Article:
Trump Administration Federal Tax Savings Allows FPL Resources To Prevent Increase In Customer Rates

By  //  January 18, 2018

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fpl customers will not pay a surcharge for Hurricane Irma restoration as previously expected

Florida Power & Light Company announced that customers will not pay a surcharge for Hurricane Irma restoration as previously expected. “The timing of federal tax reform, coming on the heels of the most expensive hurricane in Florida history, created an unusual and unprecedented opportunity,” said Eric Silagy, president and CEO of FPL.

BREVARD COUNTY, FLORIDA – Florida Power & Light Company announced that customers will not pay a surcharge for Hurricane Irma restoration as previously expected.

Instead, FPL plans to apply federal tax savings toward the $1.3 billion cost of Hurricane Irma restoration, which will save each of FPL’s 4.9 million customers an average of approximately $250.

In addition, FPL may be able to use future federal tax savings to continue operating under the current base rate agreement beyond the initial term, which covers through 2020, for up to two additional years.

“The timing of federal tax reform, coming on the heels of the most expensive hurricane in Florida history, created an unusual and unprecedented opportunity,” said Eric Silagy, president and CEO of FPL.

“We believe the plan we’ve outlined is the fastest way to begin passing tax savings along to our customers and the most appropriate approach to keeping rates low and stable for years to come.”

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Hurricane Irma was one of the largest, most powerful storms to ever hit Florida, and FPL’s response was unprecedented both in scale and the speed of power restoration.

The company had previously announced its intention to begin recovering the $1.3 billion restoration cost by implementing a surcharge on customer bills through 2020.

The ability to leverage the federal tax savings in this way is afforded by FPL’s current base rate agreement, which was negotiated with the Office of Public Counsel and other customer groups and approved unanimously by the Florida Public Service Commission in 2016.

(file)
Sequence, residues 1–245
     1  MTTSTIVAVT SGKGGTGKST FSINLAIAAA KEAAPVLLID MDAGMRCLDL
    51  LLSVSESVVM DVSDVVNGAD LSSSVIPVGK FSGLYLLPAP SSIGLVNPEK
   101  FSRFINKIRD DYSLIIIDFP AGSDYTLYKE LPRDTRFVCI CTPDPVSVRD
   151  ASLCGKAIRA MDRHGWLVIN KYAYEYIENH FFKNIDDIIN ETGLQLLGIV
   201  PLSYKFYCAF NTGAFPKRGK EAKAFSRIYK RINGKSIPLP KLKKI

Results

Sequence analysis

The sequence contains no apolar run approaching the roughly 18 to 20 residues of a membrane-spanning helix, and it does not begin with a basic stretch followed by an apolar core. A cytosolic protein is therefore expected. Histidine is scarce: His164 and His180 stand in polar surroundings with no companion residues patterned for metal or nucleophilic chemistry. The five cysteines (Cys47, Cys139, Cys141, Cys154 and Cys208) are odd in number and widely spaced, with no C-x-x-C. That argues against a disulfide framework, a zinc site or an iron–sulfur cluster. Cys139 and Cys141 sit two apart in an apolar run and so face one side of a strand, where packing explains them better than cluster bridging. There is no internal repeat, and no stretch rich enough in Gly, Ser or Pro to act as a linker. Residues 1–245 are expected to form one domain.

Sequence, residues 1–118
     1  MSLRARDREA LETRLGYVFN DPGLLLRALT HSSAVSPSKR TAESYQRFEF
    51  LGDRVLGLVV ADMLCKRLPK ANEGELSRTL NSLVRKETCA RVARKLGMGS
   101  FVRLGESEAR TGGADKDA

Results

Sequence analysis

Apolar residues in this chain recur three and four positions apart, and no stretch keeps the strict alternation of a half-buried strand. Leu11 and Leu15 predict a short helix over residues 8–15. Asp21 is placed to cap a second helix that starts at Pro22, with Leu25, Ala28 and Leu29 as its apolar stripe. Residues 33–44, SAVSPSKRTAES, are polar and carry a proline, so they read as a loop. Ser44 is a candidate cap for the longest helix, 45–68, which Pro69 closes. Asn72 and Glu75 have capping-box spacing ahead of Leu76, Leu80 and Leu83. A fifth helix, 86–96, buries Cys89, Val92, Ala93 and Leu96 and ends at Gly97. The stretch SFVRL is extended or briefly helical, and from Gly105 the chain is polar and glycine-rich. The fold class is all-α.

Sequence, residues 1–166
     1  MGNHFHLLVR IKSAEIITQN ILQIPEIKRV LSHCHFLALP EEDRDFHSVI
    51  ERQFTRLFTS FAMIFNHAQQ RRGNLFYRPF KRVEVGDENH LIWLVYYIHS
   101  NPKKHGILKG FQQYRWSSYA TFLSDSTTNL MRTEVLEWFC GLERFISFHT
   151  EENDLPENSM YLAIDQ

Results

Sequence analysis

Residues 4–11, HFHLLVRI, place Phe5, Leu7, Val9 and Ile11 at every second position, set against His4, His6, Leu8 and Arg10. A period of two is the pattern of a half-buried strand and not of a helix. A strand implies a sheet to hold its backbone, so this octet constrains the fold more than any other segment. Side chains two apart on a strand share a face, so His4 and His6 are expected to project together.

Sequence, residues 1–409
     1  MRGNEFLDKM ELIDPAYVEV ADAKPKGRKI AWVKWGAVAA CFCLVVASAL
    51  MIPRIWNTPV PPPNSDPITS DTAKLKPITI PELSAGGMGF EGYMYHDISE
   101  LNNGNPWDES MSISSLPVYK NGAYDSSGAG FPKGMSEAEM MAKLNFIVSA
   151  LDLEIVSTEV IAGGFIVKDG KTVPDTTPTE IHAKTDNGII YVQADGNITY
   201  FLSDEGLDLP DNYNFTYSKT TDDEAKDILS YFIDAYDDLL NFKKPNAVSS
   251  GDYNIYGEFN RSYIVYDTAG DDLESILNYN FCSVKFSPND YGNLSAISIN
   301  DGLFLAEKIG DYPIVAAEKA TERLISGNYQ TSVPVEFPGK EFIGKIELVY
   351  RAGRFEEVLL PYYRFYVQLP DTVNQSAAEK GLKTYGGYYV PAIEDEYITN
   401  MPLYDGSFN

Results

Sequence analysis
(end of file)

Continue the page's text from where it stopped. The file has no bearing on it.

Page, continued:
The agreement set parameters for base rates and storm surcharges from 2017 through at least 2020.

“Our current rate agreement provides the ability to use federal tax savings to entirely offset Hurricane Irma restoration costs, which delivers an immediate benefit to customers, and also the potential opportunity to avoid a general base rate increase for up to an additional two years,” Silagy said.

Hurricane Irma was one of the largest, most powerful storms to ever hit Florida, and FPL’s response was unprecedented both in scale and the speed of power restoration. The company had previously announced its intention to begin recovering the $1.3 billion restoration cost by implementing a surcharge on customer bills through 2020.

Keeping customer bills low

While the prices of almost all products and services have risen in recent years, FPL’s typical 1,000-kWh residential customer bill has remained very low. In fact, FPL’s typical bill is lower today than it was more than 10 years ago.

Already among the lowest in the nation, FPL’s typical 1,000-kWh customer bill will drop to nearly 30 percent below the latest national average with a decrease of $3.35 a month that will take effect March 1 with the completion of the recovery of costs for Hurricane Matthew.


FPL’s Typical 1,000-kWh Customer Bill

2006

Current

Beginning

March 1, 2018

$108.61

$102.72

$99.37

As of March 1, FPL’s typical bill will be approximately 15% lower than the state average and 29% lower than the U.S. average, according to the latest available data.

Sources: State average ($116.61) reflects November 2017 bills reported by 42 Florida electric utilities; U.S. average ($139.86) is based on Summer 2017 bills from 175 utilities, published by the Edison Electric Institute.

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